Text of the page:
My mom washed my hair once a week so we had to deal with the wet hair party on a regular basis. After washing my hair, it usually takes 20 minutes to comb all the tangles out and then another 60 minutes to blow dry it. Then it's back to hair grease and ponytails or on to the curling iron and straightening comb for another hour of styling. My mom started having my hair put in cornrows in the summer when I was swimming multiple times a week and maintaining my hair was too much to deal with. This drew even more attention because of the Stevie Wonder beads at the end of each braid that clicked every time I moved my head. Inevitably I would lose a line of beads on the school bus or in the middle of class. I would try to sink as low in my seat as possible as the beads clanked loudly on the floor.

I got my first relaxer in 4th grade. A relaxer is chemical hair straightening that you have to do every 6-12 weeks to fight the naturally kinkiness of your hair. It makes the hair much easier to maintain and eliminates the need for a straightening comb. The hair is less kinky when its wet but still a pain to deal with and the blowdry and styling time are virtually the same. The attention that I got when I went from the globed ponytails and the cornrows was nothing compared to the attention that my new hair do received. Imagine a 9 year old girl with Oprah Winfrey's early hair style at a mostly white upper middle class private school in Virginia. I looked like a young professional. Most of the comments were "Is that your real hair", "What happened to your hair" or just plain laughter. For some reason this hair style made my classmates, teachers and complete strangers feel like they had the right to touch my hair even more. Because I was different and they wanted to focus on how different I was I suddenly became an exhibit at the zoo. The "Eew what's in your hair" comments were still there along with the "Oh your hair is so soft/coarse/thick" comments. Did people really think that comparing my hair to steel wool, a horses tail and doll hair wouldn't permanently damage me?

My worst memory is a sleepover at my best friend Lisa's house. I think I was about 8 years old at the time. Me and five other girls went swimming and ate junk food and fell asleep watching stupid movies. I remember Lisa's mom struggling to do my hair in the morning and eventually just giving up and pulling the frizzy air-dried chlorinated mess into a very bushy ball at the top of my head. She didn't have the tools or the knowledge to deal with my kinky hair. My mom was mortified when she picked me up. It took twice as long as normal to tame my hair. It was around that time that I learned how to manage my hair on my own.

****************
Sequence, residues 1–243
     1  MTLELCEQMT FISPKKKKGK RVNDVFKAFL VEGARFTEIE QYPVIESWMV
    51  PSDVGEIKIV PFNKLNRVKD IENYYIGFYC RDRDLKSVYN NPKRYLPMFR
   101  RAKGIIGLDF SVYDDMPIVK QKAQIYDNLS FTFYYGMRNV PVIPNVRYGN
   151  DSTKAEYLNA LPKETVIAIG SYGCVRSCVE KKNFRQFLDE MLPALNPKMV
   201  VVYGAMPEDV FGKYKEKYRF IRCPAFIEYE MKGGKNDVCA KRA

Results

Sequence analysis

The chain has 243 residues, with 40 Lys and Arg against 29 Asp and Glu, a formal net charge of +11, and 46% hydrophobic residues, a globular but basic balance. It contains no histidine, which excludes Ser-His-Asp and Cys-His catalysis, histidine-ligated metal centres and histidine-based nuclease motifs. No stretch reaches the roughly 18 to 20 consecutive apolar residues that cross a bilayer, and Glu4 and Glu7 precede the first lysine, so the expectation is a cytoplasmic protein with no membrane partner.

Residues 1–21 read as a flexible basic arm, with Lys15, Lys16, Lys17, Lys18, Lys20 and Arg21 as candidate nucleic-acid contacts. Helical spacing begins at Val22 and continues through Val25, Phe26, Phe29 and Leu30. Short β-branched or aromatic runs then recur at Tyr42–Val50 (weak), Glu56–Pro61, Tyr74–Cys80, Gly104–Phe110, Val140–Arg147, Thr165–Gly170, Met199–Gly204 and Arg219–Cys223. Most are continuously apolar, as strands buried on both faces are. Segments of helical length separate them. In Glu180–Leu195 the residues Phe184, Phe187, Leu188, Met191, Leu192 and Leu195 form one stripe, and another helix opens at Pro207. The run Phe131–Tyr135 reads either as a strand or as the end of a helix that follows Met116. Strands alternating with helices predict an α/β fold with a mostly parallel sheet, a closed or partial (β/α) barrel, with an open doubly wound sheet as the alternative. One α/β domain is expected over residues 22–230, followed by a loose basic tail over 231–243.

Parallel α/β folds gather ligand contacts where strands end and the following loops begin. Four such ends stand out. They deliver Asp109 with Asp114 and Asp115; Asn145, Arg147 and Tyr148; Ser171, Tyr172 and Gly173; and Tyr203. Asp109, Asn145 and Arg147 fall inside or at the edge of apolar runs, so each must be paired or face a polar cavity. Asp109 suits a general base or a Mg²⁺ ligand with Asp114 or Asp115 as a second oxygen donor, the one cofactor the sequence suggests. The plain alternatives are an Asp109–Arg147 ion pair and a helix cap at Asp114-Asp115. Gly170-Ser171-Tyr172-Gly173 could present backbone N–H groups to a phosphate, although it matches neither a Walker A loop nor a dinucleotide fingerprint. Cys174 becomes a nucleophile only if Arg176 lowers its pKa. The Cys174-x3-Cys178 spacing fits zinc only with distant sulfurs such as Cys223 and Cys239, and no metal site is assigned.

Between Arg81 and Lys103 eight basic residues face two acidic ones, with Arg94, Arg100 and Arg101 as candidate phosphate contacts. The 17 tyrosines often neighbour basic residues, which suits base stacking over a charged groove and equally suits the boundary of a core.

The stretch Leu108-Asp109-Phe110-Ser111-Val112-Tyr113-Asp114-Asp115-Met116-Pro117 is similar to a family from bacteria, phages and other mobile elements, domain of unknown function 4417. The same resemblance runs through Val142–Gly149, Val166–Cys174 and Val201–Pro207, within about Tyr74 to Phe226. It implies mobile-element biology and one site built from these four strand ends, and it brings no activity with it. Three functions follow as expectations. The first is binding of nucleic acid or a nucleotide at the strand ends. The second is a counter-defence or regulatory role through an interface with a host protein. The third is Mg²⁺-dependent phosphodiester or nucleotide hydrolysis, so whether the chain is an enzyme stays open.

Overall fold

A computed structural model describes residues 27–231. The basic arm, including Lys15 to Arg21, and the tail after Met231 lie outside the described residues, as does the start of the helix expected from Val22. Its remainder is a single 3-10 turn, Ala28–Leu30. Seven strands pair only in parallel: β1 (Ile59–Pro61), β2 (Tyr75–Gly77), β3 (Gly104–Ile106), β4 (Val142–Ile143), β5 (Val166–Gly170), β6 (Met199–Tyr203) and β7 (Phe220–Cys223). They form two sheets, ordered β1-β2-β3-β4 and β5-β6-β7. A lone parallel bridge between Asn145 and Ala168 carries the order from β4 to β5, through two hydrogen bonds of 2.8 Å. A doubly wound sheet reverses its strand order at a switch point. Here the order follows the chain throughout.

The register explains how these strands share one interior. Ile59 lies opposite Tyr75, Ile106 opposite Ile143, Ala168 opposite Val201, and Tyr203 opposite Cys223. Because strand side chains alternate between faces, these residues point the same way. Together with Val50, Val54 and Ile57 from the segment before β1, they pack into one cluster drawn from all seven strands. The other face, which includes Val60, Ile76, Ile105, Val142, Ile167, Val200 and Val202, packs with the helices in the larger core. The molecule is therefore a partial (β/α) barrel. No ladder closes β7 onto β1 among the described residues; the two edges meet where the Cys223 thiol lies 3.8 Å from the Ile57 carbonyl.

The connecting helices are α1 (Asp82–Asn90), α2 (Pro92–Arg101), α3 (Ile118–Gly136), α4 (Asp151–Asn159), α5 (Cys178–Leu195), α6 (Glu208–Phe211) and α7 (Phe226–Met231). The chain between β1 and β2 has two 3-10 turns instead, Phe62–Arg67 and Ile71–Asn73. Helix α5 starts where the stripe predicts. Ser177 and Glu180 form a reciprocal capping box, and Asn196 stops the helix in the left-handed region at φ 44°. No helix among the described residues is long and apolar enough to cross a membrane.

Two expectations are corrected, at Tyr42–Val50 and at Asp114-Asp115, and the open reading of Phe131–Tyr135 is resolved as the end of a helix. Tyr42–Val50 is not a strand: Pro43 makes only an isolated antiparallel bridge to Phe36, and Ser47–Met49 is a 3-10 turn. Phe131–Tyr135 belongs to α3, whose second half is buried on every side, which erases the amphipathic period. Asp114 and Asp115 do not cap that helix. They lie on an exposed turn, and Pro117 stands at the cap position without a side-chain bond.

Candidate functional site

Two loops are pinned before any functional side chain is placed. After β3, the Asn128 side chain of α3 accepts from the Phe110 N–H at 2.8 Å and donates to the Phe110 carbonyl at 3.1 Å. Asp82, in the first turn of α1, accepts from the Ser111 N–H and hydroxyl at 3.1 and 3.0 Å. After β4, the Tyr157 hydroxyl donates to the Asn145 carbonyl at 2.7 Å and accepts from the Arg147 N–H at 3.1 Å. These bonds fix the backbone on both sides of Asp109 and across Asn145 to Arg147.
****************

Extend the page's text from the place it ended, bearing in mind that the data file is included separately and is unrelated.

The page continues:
Imagine my surprise when I entered public school in 7th grade and found that there were hundreds of people who looked just like me and had the same hair issues as I did. That seemed to be the only thing I had in common with most of my black classmates. I don't remember it being a conscious choice but I would assume that my early education or my social class or a combination of the two lead me to go through life with most of my friends being white. So I continued to be one of only a handful of black people in my advanced placement classes, in the marching band, in the honor society, on the lacrosse get the point. Luckily most of my peers had grown up around people of different races in public school so the ignorant comments were less frequent but they were still there and I can still vividly remember ever single incident when someone said something.

I spent most of my life living with relaxed hair with the occasional months of cornrows with hair extensions in the summers because it was easier to maintain. By my sophomore year in college I was starting to gain a better sense of who I was as a person and I realized that I didn't have to wear my hair like everyone else. During my freshman year in college I had let go of my high school boyfriend and many of the labels that people had placed on me over the years. I felt reborn so at 19 I cut off my shoulder blade length hair so pixie length. My high school friends and ex-boyfriend freaked out. "You were so much prettier with long hair" actually became a common phrase among people who had known me for years. But I noticed that my newer friends loved my short hair and I got lots of compliments on how great it looked. For the next 10 years I would alternate between letting my hair grow back for 2 years and then cutting it all off. The shock value of cutting off a foot of hair was fabulous because each time there was a new group of friends who never saw me with short/long hair and each reacted to the changes differently. The main thing for me was that I had control of my hair and did whatever I wanted whether society thought it was appropriate for me or not.